Jesting at the doubters of President Obama's birth certificate has been the low-hanging fruit for political comedy in America for years.
One of the lighter moments in recent American political history was the 2011 White House Correspondents Dinner where President Obama roasted Donald Trump and his fellow Birthers. Obama not only offered his long form birth certificate from Hawaii, but he also produced a video of his birth, which was the opening scene from The Lion King depicting the birth of Simba.
Obama added over the roaring laughter of the crowd that he wanted to make sure the correspondents from Republican-leaning FOX News understood the video was only a Disney movie, not his actual birth.
Behind the punch lines, however, is a simmering mistrust of foreigners and an even worse fear of Muslims in America. While some Americans fear the persecution of Christians, the numbers and several high profile events in the news suggest that Muslims are one of several groups who have more to fear in the United States than Christians.
A question from one audience member at a New Hampshire rally for Donald Trump illustrated this fear perfectly:
"We have a problem in this country. It's called Muslims. We know our current president is one. You know he's not even an American. We have training camps growing when they want to kill us. My question: When can we get rid of them?"
Trump, who clearly doesn't trust paperwork from the state of Hawaii or Obama's conversion story, said "We need this question." He then responded, "We are going to be looking at a lot of different things. And a lot of people are saying that, and a lot of people are saying that bad things are happening out there. We are going to be looking at that and plenty of other things."
As critics called out Trump for failing to correct the questioner and offering such an ominous answer, a spokesperson for his campaign, compounded the problem by stating, "The bigger issue is that Obama is waging a war against Christians in this country. They need support, and their religious liberty is at stake."
This isn't an isolated view in America. Muslims are feared by some Americans and even equated with being terrorists. In addition, these same Americans simultaneously fear the persecution of Christians. These are people who can most likely distinguish the Christian origins of the Ku Klux Klan from mainstream Christians, but cannot tell apart a moderate Muslim who has a 9-5 job from a violent extremist Muslim who enlists in ISIS. In fact, most Muslim leaders consistently denounce terrorism.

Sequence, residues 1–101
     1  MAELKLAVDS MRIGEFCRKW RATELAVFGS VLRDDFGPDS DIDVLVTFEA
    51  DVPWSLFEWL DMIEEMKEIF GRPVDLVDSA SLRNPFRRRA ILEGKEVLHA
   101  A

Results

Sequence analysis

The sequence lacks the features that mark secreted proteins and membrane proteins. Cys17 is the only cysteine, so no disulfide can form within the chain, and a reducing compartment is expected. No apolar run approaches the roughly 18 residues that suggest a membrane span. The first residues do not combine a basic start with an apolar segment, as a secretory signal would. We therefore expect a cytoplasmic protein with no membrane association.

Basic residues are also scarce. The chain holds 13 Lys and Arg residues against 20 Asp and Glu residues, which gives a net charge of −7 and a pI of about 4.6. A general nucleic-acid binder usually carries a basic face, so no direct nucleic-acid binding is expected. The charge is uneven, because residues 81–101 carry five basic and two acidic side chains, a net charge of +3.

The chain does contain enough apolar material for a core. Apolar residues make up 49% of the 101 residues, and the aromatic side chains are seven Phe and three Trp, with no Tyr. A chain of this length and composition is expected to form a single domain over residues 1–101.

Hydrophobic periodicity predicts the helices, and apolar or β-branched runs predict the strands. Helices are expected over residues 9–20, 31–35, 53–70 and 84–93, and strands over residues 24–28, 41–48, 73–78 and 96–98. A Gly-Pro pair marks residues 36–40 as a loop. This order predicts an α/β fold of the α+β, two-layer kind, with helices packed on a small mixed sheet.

While many Americans recoiled in horror at the arrest of 14-year-old Ahmed Mohamed of Texas' MacArthur High School because a teacher thought his homemade clock was a bomb, Republican leaders redirected attention to the "persecution of Christians." Bobby Jindal said that he was glad the police were careful and then commented, "the biggest discrimination that's going on is against Christian business owners and individuals who believe in traditional forms of marriage."
In an apparent bid to become the next Captain Obvious, Lindsey Graham added, "Young men from the Middle East are different than Kim Davis, and we've got to understand that."
One wonders if Graham can grasp the persecution and profiling that peaceful Muslims in America, such as Ahmed, face every day because he's so fixated on certain "young men from the Middle East."
While the Republican candidates can point to several isolated incidents where Christians have attempted to use their beliefs to deny legal rights to LGBT individuals, this is nothing compared to what Muslims face year in, year out in America.
Hate crimes against Muslims in America spiked at nearly 500 reported incidents in the wake of the terrorist attacks on September 11th, 2001. That trend shows no sign of abating any time soon as the latest data indicates that Muslims are still being targeted, with over 100 hate crimes directed against Muslims every year. Keep in mind that hate crimes are generally under-reported or incorrectly classified by police, so those numbers are most likely higher in reality.
While Christians are no doubt suffering persecution all over the world at the hands of totalitarian regimes and Muslim extremist groups, Christians in America don't even warrant mention on the Voice of the Martyrs prayer map or the Open Doors World Watch list. In fact, American Christians are far more likely to deny the rights of Muslims, such as opposing the construction of a mosque, than to be persecuted in a similar manner by their own government.
While there's no doubt America's intelligence community must remain vigilant against the threat of violent extremists, the number one killer of American Christians over the past year wasn't the "liberal" government or Muslims.
Ed Cyzewski (MDiv) is the author of Coffeehouse Theology, A Christian Survival Guide, and The Good News of Revelation. He writes at www.edcyzewski.com.